2. In fact, China makes it clear that its actions are in conformity with the UN Framework Convention. “Please note that the above-mentioned autonomous domestic mitigation actions are voluntary in nature and will be implemented in accordance with the principles and provisions of the UNFCCC, in particular Article 4, paragraph 7. This Communication is made in accordance with the provisions of Articles 12, paragraph 1(b), Article 12, paragraph 4 and Article 10, paragraph 2(a).”

3. In terms of mitigation, again unlike the US, which fudges on even its weak target, China reiterates its commitment to cut carbon intensity and also puts forward a target to increase non-fossil fuel energy and forest stocks. “China will endeavor to lower its carbon dioxide emissions per unit of GDP by 40-45% by 2020 compared to the 2005 level, increase the share of non-fossil fuels in primary energy consumption to around 15% by 2020 and increase forest coverage by 40 million hectares and forest stock volume by 1.3 billion cubic meters by 2020 from the 2005 levels.”

But its words are clear: no endorsement, support or signature on the Copenhagen Accord.

Australia

I have not read the letter of the government to the UNFCCC, but have seen reports of what Australian press has reported of it. The government has reiterated its ridiculous target of cutting 5 per cent over 2000 levels by 2020 (which means it actually can increase over 1990 levels). But its Minister has reportedly has also stated that her country would be ‘willing to do more” if India and China take on verification in emission reduction. Therefore, the tenuous agreement (if any) arrived in Copenhagen that the emission reductions of industrialized (Annex 1) are commitments and that the rest of the advanced countries will take actions to reduce voluntarily, is already coming apart. In any case, the target set by Australia is so weak that it will certainly take the world much beyond the 2°C temperature cap set under the Accord. But then, as I say, this is a polluter’s accord. It only legitimizes the right to pollute of the big and powerful. Australia has just proved my point.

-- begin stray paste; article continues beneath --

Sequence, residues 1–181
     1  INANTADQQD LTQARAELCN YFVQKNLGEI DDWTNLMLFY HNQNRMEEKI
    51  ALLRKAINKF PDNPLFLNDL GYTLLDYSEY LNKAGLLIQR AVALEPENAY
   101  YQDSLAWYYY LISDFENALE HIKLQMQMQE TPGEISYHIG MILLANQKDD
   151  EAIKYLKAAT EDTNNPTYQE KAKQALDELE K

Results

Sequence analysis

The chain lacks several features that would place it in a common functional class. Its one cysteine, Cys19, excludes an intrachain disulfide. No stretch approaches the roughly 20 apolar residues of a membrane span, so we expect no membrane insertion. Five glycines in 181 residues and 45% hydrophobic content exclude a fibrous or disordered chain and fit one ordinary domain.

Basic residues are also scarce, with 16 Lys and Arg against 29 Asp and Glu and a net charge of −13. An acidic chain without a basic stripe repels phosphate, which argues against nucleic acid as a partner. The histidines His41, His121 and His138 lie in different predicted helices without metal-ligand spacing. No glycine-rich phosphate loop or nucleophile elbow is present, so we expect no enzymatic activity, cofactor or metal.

EU (letter dated January 27, 2010: Spain to Yvo de Boer)

This communication is predictable and follows the EU line till date:

1. The EU will cut 20 per cent below 1990 levels by 2020 and it could cut 30 per cent below 1990 levels, provided “other developed countries commit to comparable emission reductions and other developing countries contribute adequately accordingly to their responsibility and capabilities.”

2. It reiterates the contentious carbon-pathway: “developed countries as a group should reduce their GHG emissions below 1990 levels through domestic and complementary international efforts by 25 to 40 per cent by 2020 and by 80 to 95 per cent by 2050 while developing countries as a group should achieve a substantial deviation below the currently predicted emissions growth rate, in the order of 15-30 per cent by 2020.” This pathway allocates the carbon space in manner that allows the first occupier (industrialized countries) to appropriate the bulk and leave behind little for the rest).

3. It also says that it is committed to negotiate a legally binding agreement starting January 1, 2013, but interestingly within the UN Framework. It is not clear if this refers to the framework convention or the UN.

Will keep you posted on more as it happens.